Circa 14th century, Tibet, Amoghasiddhi, copper alloy with cold gold, turquoise and coral inlay, private collection, photo by Sotheby’s.
Amoghasiddhi is the dhyani buddha whose right hand does the teaching gesture (tip of the forefinger pressed on the tip of the thumb) as above, or the fear-allaying gesture, as below.
15th century, Tibet, Amoghasiddhi, bronze (copper alloy) with copper inlay, private collection, photo by Christie’s.
These Pala-inspired figures on a tall double-lotus base with plump apple-like petals correspond to a group of Tibetan brass sculptures thought to have been produced between the 13th and 15th century and often attributed to Western Tibet (rightly or wrongly).
Amoghasiddhi’s tall chignon is topped with a triple gem (triratna) finial. His scarf acts as a frame around him and is incised with a stippled lotus motif.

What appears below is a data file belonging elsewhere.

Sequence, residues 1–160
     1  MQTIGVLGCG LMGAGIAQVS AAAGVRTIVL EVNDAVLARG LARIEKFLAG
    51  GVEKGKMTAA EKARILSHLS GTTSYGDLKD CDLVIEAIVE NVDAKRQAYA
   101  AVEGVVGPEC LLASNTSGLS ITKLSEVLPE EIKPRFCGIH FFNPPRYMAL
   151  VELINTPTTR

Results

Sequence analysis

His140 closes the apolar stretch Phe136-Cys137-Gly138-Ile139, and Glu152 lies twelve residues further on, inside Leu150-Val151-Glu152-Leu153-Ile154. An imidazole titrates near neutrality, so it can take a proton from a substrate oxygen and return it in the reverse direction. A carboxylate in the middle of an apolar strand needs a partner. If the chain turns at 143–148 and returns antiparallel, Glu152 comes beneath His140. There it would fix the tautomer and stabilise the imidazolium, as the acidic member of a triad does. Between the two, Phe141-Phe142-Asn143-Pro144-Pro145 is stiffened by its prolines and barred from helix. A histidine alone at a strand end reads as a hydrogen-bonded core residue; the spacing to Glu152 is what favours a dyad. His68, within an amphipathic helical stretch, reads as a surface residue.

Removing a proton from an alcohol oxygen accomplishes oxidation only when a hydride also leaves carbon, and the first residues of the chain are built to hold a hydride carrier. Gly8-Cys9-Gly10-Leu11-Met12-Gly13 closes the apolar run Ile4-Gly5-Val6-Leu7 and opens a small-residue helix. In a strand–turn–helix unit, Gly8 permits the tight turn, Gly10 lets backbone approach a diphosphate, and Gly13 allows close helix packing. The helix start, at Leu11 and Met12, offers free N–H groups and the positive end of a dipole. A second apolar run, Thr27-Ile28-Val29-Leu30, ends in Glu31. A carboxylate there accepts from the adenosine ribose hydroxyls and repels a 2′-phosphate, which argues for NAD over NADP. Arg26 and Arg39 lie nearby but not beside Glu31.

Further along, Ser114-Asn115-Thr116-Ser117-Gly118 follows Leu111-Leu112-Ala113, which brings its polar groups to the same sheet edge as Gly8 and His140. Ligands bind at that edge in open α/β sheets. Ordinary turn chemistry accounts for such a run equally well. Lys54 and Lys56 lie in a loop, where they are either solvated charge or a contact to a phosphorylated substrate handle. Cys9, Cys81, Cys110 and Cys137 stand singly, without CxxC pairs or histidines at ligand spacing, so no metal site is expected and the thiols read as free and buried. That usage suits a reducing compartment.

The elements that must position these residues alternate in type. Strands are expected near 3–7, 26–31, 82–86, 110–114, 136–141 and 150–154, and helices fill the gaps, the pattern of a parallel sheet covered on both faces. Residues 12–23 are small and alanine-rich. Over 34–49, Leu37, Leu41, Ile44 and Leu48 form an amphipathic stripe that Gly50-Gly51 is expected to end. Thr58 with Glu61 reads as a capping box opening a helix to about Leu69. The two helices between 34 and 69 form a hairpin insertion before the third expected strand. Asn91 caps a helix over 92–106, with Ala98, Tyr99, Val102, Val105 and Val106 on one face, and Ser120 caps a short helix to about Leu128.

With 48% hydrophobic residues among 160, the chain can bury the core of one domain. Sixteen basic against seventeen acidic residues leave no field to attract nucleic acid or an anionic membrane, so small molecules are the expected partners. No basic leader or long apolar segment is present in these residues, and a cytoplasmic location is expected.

Undated (13th-14th c?), Tibet, Amoghasiddhi, bronze (brass), private collection, photo by Christie’s.
We have seen at least two examples of Amoghasiddhi sculptures with a similar ‘gushing light’ design in the headdress, both dated 13th-14th century, signalling the sambhogakaya form of the deity.
Undated, Tibet, Amoghasiddhi, wood, at the Victoria & Albert Museum in London (UK).
A wooden sculpture of Amoghasiddhi with a key-hole aperture on the mandorla, the latter decorated with scrolling vine in the manner of the Densatil style.
18th century, Tibet, Amoghasiddhi, gilt copper alloy, private collection, photo by Sotheby’s.